The Importance of Humidity

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July 19, 2021 at 10:19:29 PM PDT July 19, 2021 at 10:19:29 PM PDTth, July 19, 2021 at 10:19:29 PM PDT

Reptile keeping is fraught with challenges, over the years many of these have been overcome by the inclusion of new products to aid in providing better welfare to our animals.

One area that has always been difficult to accommodate has been ensuring the humidity levels in captivity are as close as possible to the natural environments. This is partly due to education; an understanding of what humidity is and how it occurs.

Achieving the correct hydration levels is crucial for any living being, to regulate body temperature, keep joints lubricated, prevent infections, deliver nutrients to cells, and keep organs functioning properly. Being well-hydrated also improves sleep quality, cognition, and mood.

None of this is new information, but it played a big part in the launching of the HabiStat humidifier. We now have the ability to produce the humidity and it’s down to us to provide the education. For this part we have enlisted the assistance of an expert in the field.

Dr Petr Nečas (thereafter referred to as Petr) is a renowned expert in the world of Chameleon care, with over 30 years of Chameleon species field research and data alone under his belt. He has been involved with many other species over the years but the Chameleon is where his passion lies.

This driving passion and various field studies have driven Petr to write and release dozens of scientific articles, along with several herpetological ones, which I’m sure most of you will have read. One of which is considered a basal work of chameleonology: "Chameleons, the nature's hidden jewels", which is now published in 5 languages.

Petr even has a Chameleon species (Chamaeleo necasi) and chameleon coccidian parasite (Isospora necasi) named in his honour. Petr has spent many years in the field, observing and logging data on how animals react to natural conditions.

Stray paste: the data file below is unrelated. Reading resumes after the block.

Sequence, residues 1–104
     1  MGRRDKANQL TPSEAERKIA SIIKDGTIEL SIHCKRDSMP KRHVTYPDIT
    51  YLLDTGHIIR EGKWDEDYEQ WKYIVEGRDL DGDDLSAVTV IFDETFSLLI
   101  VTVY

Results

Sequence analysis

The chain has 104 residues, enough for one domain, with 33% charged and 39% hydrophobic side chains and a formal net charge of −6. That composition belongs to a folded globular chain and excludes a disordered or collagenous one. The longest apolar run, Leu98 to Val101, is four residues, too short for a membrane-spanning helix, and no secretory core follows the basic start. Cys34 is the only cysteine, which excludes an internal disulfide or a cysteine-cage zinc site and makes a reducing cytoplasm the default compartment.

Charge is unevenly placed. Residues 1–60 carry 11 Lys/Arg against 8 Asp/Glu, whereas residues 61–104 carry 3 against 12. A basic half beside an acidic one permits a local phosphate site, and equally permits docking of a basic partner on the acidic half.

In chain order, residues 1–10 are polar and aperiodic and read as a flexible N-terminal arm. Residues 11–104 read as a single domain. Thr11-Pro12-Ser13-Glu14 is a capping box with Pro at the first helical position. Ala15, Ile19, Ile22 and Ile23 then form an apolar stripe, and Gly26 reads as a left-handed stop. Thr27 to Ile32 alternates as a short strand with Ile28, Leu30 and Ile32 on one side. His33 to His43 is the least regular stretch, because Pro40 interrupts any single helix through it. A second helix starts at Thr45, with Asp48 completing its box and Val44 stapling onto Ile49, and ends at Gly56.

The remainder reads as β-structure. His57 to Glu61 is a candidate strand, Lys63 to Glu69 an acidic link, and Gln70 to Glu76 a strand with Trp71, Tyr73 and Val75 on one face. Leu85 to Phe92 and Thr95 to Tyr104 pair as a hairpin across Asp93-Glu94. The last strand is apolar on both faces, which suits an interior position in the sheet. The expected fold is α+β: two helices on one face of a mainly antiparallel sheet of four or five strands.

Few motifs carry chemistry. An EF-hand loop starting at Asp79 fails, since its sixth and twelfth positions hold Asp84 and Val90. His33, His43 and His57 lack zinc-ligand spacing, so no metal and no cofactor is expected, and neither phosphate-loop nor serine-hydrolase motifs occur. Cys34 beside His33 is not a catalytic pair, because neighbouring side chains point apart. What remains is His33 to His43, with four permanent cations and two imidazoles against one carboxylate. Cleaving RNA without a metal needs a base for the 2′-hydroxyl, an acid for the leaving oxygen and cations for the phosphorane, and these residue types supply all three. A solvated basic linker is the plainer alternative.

We are exceptionally fortunate to have a journal that is a summary of many months in the field, taking Petr across the globe, from the Harenna Forest in the Bale mountain regions of Ethiopia – over to the island of Socotra which is part of Yemen.

This study was all about Chameleon hydration, and the journey of discovery and reason as to ‘Why’ captive Chameleons seek hydration so much in comparison to their wild cousins of the species.

Petr investigated further his theory of ‘fog hydration’ overnight with Chameleons – a theory which incidentally he initially discovered many years prior with other species, and has been using with suitable Reptiles within a captive environment since the 1980’s.

We have cited and summarised yet in great detail his research and findings within his journal study ‘The Naturalistic Chameleonoculture – a breakthrough in captive management of chameleons Part 2: Hydration and the Mystery of Fog-Drinking’ with his full permission. This can be found here:

Further reading of his full article can be found .

Petr has also provided some relevant videos regarding the above subject matter.

Fog Drinking in Chameleons: Dr Petr Nečas

Chameleon fog hydration on Atlantic coast of Morocco: Dr Petr Nečas

A male of the Arabian Chameleon, Chamaeleo arabicas is crawling in the foggy Dhofar Mts, Oman: Dr Petr Nečas

Chameleon in The Fog: Dr Petr Nečas